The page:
The Fixer Upper

Dear readers, many of us become lonely clowns trying to cheer everyone up, nonetheless feeling like empty shells with a smile stamped on our faces.

It’s a hard truth to face.

Probably the hardest thing to take in is people telling you how good you look when you’re not feeling well at all.

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Recently my meds were changed and my body is yelling at full throttle that something is wrong.  For more than ten years I’ve taken my medicines on a military schedule and now it’s going to be released little by little throughout different dosages and hours.

Tremors, feeling nauseous,  and being able to hold a meal have been a challenge to take in. But, I’m giving it my best.

Just wondering sometimes why does it have to be trying to cheer up anyone other than myself.  Surviving a difficult childhood left me with many scars, maybe the one that I resent the most is that I like to please those who surround me more than I need to. Early on I learned that pleasing my parents would keep me out of trouble, so I became a fixer upper. I’m not sure that’s even a term, but wanting to fix things for others is.

I need just to take a deep breath and give myself a break. It’s fine if I’m not feeling well, and I have all the right in this Universe to say it. I just have to make myself do it.

In the meanwhile I have my blog to turn to each time I need a shout out.  The best thing probably is that no one in my family takes time to read it so I can write anything I want without feeling guilty about it.

Trying to reach a point in your life where wellness is for real is hard to achieve and I’m not sure  we can get there.  Nonetheless,  we need something to look forward to while coping with this draining disease.

So, thanks for stopping by and let us aspire to keep moving forward however hard it can become to bare.  See you around.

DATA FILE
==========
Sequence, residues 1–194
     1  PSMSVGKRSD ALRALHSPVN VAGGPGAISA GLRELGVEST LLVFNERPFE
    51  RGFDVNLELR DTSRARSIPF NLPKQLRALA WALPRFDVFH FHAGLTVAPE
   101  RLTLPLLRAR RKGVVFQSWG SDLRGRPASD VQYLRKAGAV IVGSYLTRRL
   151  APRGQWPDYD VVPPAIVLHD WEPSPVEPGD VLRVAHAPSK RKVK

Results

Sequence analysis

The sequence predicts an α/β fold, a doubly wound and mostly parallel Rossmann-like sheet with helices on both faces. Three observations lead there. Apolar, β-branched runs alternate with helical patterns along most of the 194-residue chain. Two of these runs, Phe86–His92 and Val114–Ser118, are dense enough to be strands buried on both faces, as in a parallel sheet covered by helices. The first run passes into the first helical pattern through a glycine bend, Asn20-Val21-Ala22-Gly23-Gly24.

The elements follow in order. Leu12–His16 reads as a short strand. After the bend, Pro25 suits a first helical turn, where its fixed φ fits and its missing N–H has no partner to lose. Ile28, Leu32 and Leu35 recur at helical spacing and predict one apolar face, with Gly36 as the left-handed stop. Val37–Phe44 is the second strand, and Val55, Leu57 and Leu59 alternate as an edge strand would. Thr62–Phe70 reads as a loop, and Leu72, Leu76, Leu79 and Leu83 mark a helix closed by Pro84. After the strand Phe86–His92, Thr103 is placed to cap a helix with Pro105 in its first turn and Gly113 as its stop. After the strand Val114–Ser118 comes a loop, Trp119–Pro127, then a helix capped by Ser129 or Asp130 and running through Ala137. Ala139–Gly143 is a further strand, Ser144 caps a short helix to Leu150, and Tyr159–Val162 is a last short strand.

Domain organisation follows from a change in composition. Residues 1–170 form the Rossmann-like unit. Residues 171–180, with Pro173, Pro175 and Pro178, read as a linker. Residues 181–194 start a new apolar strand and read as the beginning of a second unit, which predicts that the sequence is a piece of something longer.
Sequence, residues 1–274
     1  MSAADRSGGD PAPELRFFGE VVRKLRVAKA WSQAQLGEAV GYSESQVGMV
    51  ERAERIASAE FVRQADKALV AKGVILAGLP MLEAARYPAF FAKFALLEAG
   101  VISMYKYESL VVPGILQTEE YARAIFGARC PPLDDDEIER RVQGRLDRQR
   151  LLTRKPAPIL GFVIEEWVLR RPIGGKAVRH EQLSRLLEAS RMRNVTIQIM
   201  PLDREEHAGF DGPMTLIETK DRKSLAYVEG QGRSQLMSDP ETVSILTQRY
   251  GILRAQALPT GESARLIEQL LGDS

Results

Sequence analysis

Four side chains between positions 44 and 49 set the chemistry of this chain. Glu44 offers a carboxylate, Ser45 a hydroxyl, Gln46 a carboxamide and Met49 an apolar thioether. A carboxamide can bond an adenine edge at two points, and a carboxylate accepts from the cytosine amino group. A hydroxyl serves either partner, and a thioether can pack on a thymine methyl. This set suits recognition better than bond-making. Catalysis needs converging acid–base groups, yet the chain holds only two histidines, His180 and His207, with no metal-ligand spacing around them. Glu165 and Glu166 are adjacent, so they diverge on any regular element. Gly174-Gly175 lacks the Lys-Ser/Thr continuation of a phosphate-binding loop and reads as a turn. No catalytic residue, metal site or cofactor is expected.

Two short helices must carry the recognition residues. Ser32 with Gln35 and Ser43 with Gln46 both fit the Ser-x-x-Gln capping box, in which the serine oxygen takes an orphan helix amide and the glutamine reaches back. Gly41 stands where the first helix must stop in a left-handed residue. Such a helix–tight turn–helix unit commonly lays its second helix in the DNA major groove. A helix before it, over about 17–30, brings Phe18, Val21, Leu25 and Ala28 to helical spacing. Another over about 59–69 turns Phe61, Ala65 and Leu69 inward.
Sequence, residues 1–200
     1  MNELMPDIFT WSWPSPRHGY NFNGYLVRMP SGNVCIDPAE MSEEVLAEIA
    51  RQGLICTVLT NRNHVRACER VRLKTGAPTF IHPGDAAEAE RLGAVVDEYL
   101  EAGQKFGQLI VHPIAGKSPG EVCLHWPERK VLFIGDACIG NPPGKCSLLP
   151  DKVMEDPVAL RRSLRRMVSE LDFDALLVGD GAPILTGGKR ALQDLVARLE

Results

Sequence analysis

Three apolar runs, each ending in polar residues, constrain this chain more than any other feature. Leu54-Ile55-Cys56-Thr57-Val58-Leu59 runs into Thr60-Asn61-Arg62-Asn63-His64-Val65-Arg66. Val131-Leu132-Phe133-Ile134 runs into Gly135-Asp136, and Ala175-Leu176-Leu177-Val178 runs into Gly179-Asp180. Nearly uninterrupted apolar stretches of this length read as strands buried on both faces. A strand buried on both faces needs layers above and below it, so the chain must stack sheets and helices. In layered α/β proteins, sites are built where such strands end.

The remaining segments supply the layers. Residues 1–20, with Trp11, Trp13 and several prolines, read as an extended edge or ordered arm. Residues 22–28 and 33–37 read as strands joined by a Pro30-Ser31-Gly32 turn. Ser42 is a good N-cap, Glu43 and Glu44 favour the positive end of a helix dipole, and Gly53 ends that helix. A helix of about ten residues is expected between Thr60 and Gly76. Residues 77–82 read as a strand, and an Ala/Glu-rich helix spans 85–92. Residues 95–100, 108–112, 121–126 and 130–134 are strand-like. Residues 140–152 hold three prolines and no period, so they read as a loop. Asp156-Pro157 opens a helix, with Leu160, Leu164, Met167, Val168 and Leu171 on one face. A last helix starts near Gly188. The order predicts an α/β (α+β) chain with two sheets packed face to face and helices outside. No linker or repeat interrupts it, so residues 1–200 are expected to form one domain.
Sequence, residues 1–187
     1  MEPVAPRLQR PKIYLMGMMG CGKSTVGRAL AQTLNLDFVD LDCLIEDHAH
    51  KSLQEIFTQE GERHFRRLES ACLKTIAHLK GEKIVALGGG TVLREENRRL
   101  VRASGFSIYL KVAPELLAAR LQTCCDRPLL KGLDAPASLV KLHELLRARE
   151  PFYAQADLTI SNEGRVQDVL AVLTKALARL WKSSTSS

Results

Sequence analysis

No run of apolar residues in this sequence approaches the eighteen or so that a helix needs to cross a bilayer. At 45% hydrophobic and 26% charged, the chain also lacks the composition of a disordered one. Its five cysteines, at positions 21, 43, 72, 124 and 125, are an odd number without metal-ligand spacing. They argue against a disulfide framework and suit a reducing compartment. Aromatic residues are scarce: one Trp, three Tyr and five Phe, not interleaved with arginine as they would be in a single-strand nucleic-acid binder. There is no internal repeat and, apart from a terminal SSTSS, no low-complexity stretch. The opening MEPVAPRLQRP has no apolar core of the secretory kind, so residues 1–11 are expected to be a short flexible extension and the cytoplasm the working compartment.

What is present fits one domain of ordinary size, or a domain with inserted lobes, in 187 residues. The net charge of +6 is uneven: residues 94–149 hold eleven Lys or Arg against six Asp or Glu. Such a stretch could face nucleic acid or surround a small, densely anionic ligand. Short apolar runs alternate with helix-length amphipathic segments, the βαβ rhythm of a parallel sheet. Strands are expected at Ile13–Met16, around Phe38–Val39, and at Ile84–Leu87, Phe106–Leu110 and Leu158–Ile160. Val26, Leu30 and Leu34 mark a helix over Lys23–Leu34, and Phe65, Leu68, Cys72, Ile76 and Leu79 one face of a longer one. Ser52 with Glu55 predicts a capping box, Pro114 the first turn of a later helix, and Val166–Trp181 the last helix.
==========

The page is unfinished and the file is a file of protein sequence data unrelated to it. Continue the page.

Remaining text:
Maleta and Go

Dear readers, thanks for stopping by and reading my blog.

I was thinking about something to share with you and I came up with my recent appointment with my neuro.   Navigating through the rapids of our neuro’s isn’t easy.  Just a couple of days ago I visited my doctor ‘s office for a check up, and since I’m not doing well I figured,  hmmm “He’s sending me to the hospital to get some Gamma and get me back on track.”, like usual.

Well, it didn’t happen.

I had all my stuff packed and ready for my seven day stay at the “Resort and Spa” a/k/a Bellavista Hospital , as we Puerto Ricans say I was all set for “Maleta and go”, which means I was up and ready to face whatever it is I needed to do.

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Nevertheless, he wasn’t going down that path, not at least  this time around.

He decided to  travel towards the Mestinon Extended Lane,  leaving my Prednisone dose a bit towards the high end.  Oh, and let me not forget that we talked about getting my thymus tissue removed.

The point I’m trying to make (and probably one you’ll share with me) is that getting on and off this roller coaster called Myasthenia is a hell of a thing.  There are so many twists and turns that it’s almost impossible  to land in one piece without experiencing the scare of your life.

I don’t know how long I can stay away from my next Gamma, but as of right now I’m grateful I’m home and not admitted in isolation in a nearby clinic.

The dice are rolled each time we come across a crisis and there is not much we can do about it.  However, the important thing for me is being able to calmly (I usually do the opposite) explore all my choices because at the end of the day  those are the choices that count.

Ultimately,  we are the ones who decide if we are “maleta and go” ready or if we need a bit more time to adjust and move forward with whatever it is we need to do. Nobody can take that away from us.

And remember to always be kind to yourself and move forward even if we can only take baby steps and I’m not talking in figurative language.

Take care.